Federal watchdog says ex-Kentucky cop, FBI boss became ‘skilled predator’ who harassed women

Published 4:04 pm Monday, April 12, 2021

One woman carried a ruler at FBI headquarters so she could smack James Hendricks’ hands when he reached for her legs and breasts. Another went home shaken after he tugged on her ear and kissed her cheek during a closed-door meeting.

And when Hendricks went on to lead the FBI’s field office in Albany, New York, in 2018, colleagues described him as a “skilled predator” who leered at women in the workplace, touched them inappropriately and asked one to have sex in a conference room, according to a newly released federal report obtained by The Associated Press.

Hendricks quietly retired last year as a special agent in charge after the Office of Inspector General — the Justice Department’s internal watchdog — concluded he sexually harassed eight female subordinates in one of the FBI’s most egregious known cases of sexual misconduct.

Hendricks was among several senior FBI officials highlighted in an AP investigation last year that found a pattern of supervisors avoiding discipline — and retiring with full benefits — even after claims of sexual misconduct against them were substantiated.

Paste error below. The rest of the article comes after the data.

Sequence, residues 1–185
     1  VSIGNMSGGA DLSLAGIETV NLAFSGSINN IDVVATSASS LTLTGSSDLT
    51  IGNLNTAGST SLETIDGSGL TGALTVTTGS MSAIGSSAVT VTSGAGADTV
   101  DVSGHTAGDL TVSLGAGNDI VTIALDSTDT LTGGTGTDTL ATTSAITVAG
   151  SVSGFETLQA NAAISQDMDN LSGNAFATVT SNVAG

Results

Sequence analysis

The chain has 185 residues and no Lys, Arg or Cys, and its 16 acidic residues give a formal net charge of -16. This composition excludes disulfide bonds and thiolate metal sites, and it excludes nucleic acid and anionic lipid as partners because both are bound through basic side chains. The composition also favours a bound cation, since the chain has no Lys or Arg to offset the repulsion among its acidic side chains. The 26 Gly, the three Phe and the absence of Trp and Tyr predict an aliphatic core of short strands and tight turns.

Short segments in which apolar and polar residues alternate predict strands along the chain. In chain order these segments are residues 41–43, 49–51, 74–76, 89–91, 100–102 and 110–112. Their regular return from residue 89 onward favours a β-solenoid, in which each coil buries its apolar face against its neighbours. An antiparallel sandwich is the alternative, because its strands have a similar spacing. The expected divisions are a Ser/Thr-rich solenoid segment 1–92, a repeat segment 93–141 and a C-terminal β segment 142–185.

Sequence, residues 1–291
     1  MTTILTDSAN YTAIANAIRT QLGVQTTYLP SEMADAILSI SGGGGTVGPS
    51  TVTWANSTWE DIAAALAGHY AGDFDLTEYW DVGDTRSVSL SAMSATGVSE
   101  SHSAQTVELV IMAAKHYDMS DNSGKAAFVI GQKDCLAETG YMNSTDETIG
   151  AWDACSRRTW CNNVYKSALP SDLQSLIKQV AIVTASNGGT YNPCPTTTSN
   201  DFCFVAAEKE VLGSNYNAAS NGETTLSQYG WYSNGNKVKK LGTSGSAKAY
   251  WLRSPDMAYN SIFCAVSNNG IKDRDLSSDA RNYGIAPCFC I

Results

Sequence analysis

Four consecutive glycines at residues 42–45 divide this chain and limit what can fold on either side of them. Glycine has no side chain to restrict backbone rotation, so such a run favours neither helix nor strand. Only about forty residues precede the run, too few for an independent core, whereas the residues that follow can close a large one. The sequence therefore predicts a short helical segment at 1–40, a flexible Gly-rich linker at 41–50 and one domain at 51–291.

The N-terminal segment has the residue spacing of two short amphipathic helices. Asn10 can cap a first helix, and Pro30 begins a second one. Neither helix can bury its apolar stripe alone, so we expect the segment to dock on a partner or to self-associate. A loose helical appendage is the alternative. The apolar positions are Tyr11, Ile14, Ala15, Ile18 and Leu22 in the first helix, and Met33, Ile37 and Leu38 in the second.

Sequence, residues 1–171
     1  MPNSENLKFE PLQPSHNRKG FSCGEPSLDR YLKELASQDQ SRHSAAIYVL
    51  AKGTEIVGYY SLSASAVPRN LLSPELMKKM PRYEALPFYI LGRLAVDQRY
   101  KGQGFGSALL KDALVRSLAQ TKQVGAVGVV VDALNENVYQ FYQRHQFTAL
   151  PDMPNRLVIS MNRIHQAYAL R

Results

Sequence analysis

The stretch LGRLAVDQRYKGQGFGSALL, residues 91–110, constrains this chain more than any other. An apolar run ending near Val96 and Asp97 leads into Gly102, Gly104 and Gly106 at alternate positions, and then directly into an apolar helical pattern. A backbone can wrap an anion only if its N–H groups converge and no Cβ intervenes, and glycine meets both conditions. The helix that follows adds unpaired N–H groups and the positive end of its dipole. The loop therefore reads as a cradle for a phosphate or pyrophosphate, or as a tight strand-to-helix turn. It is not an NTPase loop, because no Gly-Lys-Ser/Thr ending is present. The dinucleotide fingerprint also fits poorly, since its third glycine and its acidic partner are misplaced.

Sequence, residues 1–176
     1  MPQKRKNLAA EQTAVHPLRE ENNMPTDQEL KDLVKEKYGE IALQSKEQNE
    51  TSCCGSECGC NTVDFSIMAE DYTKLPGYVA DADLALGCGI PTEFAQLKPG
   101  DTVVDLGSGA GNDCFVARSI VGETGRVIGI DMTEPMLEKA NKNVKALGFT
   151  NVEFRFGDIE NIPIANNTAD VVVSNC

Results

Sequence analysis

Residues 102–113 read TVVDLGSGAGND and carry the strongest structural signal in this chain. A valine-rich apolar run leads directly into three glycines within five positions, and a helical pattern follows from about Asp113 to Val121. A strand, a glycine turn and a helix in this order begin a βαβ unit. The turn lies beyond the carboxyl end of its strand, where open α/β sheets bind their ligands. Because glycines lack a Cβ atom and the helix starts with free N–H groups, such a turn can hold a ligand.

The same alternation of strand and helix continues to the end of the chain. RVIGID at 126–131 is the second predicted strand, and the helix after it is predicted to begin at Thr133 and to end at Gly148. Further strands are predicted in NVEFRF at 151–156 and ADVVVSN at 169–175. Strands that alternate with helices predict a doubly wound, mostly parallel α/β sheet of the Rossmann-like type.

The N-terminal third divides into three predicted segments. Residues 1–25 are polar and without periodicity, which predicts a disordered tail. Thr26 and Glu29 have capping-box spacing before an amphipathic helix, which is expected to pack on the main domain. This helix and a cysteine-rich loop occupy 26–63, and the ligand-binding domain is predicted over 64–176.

The FBI said it could not discuss Hendricks’ case but that it “maintains a zero-tolerance policy toward sexual harassment and is committed to fostering a safe work environment where all of our employees are valued, protected and respected.”

Hendricks, 50, who now writes a law enforcement blog, did not respond to messages seeking comment. He told investigators his accusers had either misinterpreted his actions or exaggerated his behavior, and that he was not sexually attracted to them.

“It’s an ugly, ugly laundry list of things that were said, and that’s really hurtful to me and it really just disappoints me,” he was quoted as saying.

The details of Hendricks’ sexual harassment — outlined in a 52-page report obtained under the Freedom of Information Act — have not previously been reported. The OIG blacked out Hendricks’ name in the report, but he was identified by law enforcement officials familiar with his case.